The Netherlands is one of the world's largest exporters of agricultural and food products, thanks to its innovative agrifood technology. The Dutch agrifood sector is a sustainable source of healthy, safe food that is produced with respect for nature and the environment.
Delivering sustainable and healthy food
As the world rapidly urbanises, with people migrating from the countryside to the cities, there is increasing pressure on urban areas to deliver sustainable and healthy food supplies. Food security is crucial to economic performance and social wellbeing. This means that solutions are needed that take into account issues such as animal welfare, food safety, waste-disposal and habitation, but also issues such as governance, education, and a fair society. With a large population in a small, low-lying delta region where land is at a premium, farms in the Netherlands are some of the most intensive, sustainable, and efficient in the world.
Thanks to a wealth of agricultural knowledge, fertile soil, intensive farming, quality of produce, and trading expertise, Dutch agri-food products are exported all over the world. This applies to plant-based produce as well as for animal products such as livestock, poultry (meat) and eggs. Machinery for the processing of agri-food products: from robotic soft-fruit pickers; to automated meat separators; to potato processing; is also a key global export product, as is the knowledge around food processing. Out of the top-40 food and drinks companies in the world, 12 have R&D centres located in the Netherlands.
1. World-leading exporter of agri-food products & leading in innovation
The Netherlands is the world's second largest exporter of agricultural products, after the USA. Together with the USA and Spain, the Netherlands is one of the world's three leading producers of vegetables and fruit. It supplies a quarter of the vegetables that are exported from Europe. The Dutch agricultural sector is diverse; it covers a wide range of livestock and plant-cultivation sectors that include, for example, arable and dairy farming, cultivation under glass, tree-growing and pig farming.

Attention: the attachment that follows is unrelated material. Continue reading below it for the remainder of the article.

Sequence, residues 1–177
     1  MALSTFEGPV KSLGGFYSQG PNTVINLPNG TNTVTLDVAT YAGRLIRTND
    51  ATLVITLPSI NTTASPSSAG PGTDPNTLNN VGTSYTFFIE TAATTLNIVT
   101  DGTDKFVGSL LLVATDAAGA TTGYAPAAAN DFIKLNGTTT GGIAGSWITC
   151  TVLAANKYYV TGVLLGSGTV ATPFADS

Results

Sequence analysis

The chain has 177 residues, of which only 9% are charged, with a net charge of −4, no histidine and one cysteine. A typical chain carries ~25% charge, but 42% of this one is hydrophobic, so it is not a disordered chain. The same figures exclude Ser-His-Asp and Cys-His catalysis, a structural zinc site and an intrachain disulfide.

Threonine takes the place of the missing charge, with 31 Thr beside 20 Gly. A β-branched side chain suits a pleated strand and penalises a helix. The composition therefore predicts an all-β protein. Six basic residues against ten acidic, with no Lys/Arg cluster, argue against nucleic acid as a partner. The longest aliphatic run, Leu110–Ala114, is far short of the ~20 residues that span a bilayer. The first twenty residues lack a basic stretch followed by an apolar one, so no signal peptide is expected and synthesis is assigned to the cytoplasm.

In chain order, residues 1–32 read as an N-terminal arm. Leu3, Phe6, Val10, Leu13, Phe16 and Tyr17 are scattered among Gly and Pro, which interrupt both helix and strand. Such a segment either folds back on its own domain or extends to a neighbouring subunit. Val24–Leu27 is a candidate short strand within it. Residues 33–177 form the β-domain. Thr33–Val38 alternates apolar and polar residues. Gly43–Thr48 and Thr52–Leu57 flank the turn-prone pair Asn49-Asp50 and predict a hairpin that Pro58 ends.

The Dutch are forward-looking. This is reflected in the worldwide renowed research and innovation infrastructure of the Netherlands. Wageningen University is the number 1 Agricultural University in the world for the third year in a row according to The National Taiwan Ranking of over 300 universities on scientific and research excellence. Five of the top 26 global agri-food companies have R&D facilities in the Netherlands. Examples of recent private investments; Danone opened a large, new R&D centre in Utrecht in 2013, where it concentrates its European research on clinical nutrition and nutrition for children. In 2013, Heinz opened its new R&D centre for Europe in Nijmegen. Royal FrieslandCampina concentrated its R&D in a new large R&D centre in Wageningen that opened in 2013.
2. Holland's mild climate, flat and fertile soil and favourable geographical location at the heart of Europe
Next to the geographical expertise, infrastructure, the food processing industry, commerce and logistics are all on an extremely high level in the Netherlands.
3. Success in renewing the agricultural production chains
For decades, Dutch agriculture has succeeded in maintaining its lead over international competitors by continually investing in the renewal of agricultural production chains. Farmers and growers are full partners in the agricultural production chain. Their primary task is to produce food, flowers and plants with an optimum price/quality radio using innovative, socially responsible and sustainable methods.
4. Supporting the Global alliance for Food security
By 2050 we will need to feed a world population of 9 billion people. Continuation of the current production levels will lead to a food shortage of 70%. The alliance will adopt an approach developed in the Netherlands: Climate Smart Agriculture. The intention of the alliance is to expand and intensify the projects carried out by small farmers, horticultural growers and fishermen, and to continue to guarantee food safety through targeted public-private partnerships.
5. Caring for environmental protection and sustainability
Despite tight profit margins, agricultural businesses have invested substantially in environmental protection and implemented improvements in animal welfare. The agri-business is one of the driving forces behind the Dutch economy. At the same time, it poses challenges to the environment. In recent decades, farms became larger in scale and production became more intensive. As a result, fertilizers and manure made more impact on the countryside. Farming had to become more sustainable. Today, the Dutch agricultural sector is strongly focused on sustainability: it is a source of healthy, safe food that is produced with respect for the landscape and the environment.